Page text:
With respect to the correlation between face height and depth, ATFH and ALFH moderately correlated with anterior cranial base length (S-N), whereas PFH and anterior cranial base length did not correlate. As S-N is generally considered stable and reliable, environmental or functional factors seem less likely to change the S-N length. This might suggest that in normal cases, AFH is more likely to undergo relatively intrinsic growth than PFH or it is not easily influenced by functional factors such as changes in the posterior occlusal plane as noted above.
With respect to the posterior height, it weakly associated with the actual mandibular length and maxilla length and moderately and positively correlated with the anteroposterior position of the mandible and maxilla. Schudy  depicted the vertical and anteroposterior growth as opposing forces. That sounds reasonable with AFH being regarded as vertical height in the extreme case of long or short face type. In relative normal overbite case, however, as this study showed the vertical growth of PFH is consistent with anteroposterior growth.
In order to correct the anteroposterior discrepancy, orthodontists have tried to stimulate the capacity of adaptation to changes in mandibular position and non-human primate studies have demonstrated that the temporomandibular joint in the condylar region definitely has such functional capacity [22, 12]. According to McNamara and Bryan  and McNamara  the dentofacial complex is adaptable to the functional demands in the occlusal configuration even in young adult monkeys. Clinical studies, however, also by McNamara  using a functional regulator on adult humans, manifested that only minimal skeletal and dental adaptation occurred and that adaptation were considered insufficient to completely resolve patient malocclusions. It seems that for adults the protrusive function only is not enough to maintain the mandible in the forward position. Sato et al. , Sasaguri et al.  and Tanaka et al.  tried to maintain the mandible in the forward position by changing the occlusal configuration not only anterioposteriorly but also vertically. As a result, obvious remodelling of the condyle in adults has been found [26, 29, 36]. They suggested that the stable condyle adaptation might be available when the occlusal plane was reconstructed with either an orthodontic or prosthetic approach by increasing posterior teeth support, horizontalizing posterior occlusal plane and as a result the mandible being forward rotated. Together with the present study it can be deduced that to obtain enough mandible anteroposterior growth or forward adaptation a correct increase of posterior height might be an important factor.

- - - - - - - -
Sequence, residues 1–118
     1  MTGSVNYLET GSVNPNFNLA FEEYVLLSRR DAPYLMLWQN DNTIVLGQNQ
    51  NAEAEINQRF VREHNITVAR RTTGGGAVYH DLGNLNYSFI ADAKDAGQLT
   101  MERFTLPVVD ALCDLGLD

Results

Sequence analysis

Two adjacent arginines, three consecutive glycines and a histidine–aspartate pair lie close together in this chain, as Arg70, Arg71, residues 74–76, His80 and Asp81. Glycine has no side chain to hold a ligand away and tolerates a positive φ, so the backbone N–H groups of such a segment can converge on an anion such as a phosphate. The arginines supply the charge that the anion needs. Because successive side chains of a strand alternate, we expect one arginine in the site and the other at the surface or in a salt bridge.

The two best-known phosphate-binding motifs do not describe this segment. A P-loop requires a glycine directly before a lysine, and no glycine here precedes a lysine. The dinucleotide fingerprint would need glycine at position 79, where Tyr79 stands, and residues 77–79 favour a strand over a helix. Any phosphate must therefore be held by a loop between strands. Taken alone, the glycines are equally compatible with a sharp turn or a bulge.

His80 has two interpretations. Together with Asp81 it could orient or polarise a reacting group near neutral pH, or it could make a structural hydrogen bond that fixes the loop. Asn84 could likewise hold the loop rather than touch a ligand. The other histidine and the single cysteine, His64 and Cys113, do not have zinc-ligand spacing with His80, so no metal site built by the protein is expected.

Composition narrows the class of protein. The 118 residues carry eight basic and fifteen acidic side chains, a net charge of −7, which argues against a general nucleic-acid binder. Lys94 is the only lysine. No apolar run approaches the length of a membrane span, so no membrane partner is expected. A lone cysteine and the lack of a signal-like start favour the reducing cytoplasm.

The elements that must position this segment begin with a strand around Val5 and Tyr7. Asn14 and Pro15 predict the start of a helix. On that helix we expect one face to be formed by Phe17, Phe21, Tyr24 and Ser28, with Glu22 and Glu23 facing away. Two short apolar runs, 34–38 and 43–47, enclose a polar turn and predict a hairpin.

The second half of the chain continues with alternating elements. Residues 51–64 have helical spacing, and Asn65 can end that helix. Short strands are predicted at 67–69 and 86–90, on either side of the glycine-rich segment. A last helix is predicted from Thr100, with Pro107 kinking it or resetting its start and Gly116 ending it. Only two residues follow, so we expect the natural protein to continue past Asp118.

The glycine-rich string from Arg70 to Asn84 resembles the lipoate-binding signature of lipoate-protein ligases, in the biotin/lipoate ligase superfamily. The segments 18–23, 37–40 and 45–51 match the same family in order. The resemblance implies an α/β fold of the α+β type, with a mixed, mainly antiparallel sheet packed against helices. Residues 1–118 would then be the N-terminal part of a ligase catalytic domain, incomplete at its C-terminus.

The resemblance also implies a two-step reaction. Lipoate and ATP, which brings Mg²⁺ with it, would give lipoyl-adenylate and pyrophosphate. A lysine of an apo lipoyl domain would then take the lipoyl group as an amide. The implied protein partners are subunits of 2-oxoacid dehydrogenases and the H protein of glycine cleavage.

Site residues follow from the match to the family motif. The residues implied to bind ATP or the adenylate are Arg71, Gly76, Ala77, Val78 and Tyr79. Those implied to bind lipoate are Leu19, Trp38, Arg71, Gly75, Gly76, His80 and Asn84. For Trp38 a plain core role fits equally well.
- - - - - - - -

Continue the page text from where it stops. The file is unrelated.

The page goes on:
As for the correlation between height and width, the ramus height together with the mandibular plane angle and the PFH/ATFH moderately correlated with the bizygomatic width and the width of Co-Co and Go-Go also correlated with ramus height to some extent, which implies that the bicondylar and bigonial width of the mandible is related to the height of the mandibular ramus. Thus, a face with a low angle, normally accompanied by a long ramus and a wide frontal region (wide bizygomatic and bigonial) can easily produce an illusion of a short face, although the anterior lower face height could be normal. This also explains why many faces with a low angle are taken for granted to be assumed as a short face, whereas a wide face and a square profile are responsible for making faces appear short.
In this study, depending on different purposes, direct or projected measurement was selected as the research method. The direct measurement method was used when the complete structure was evaluated, for instance, in measuring ramus length, mandibular corpus length and anterior cranial base length. The reason was that in this situation the study was more concerned with the real length of the structures than the projected ones and the direct measurement results could not be influenced by a poor position of the skull. In previous 2D cephalometric studies, however, as there is no way to measure the true length of any structure, observers had to make use of the projected length. The projected measurement was used here in the width measurement because only the width of identical anatomic structures on bilateral sides was made and direct measurements indicate not only width but also the vertical and anteroposterior difference between them. The larger vertical and anteroposterior difference of bilateral sides was, the more enlarged value was obtained compared with the actual result.
In this study Pearson correlation coefficients were used to find out the interrelationship among 3D structures. With these findings human craniofacial architecture and its multiple interactions among structures can be better understood but correlation studies cannot answer the cause and effect relationship among structures and also that between the skeletal morphology and jaw muscle function remain unclear. Further studies are needed to confirm some hypothesis made in this research.
Within the limitations of this 3D CBCT study on skulls of relatively normal adult Caucasian males it was concluded that low or high mandibular plane angle might not necessarily be accompanied by short or long AFH, respectively as has commonly been believed. The PFH rather than AFH is assumed to play a key role in the vertical facial type, whereas AFH seems to undergo relatively intrinsic growth.
Conflict of interest
The authors declare that there are no actual or potential conflicts of interest in relation to this article.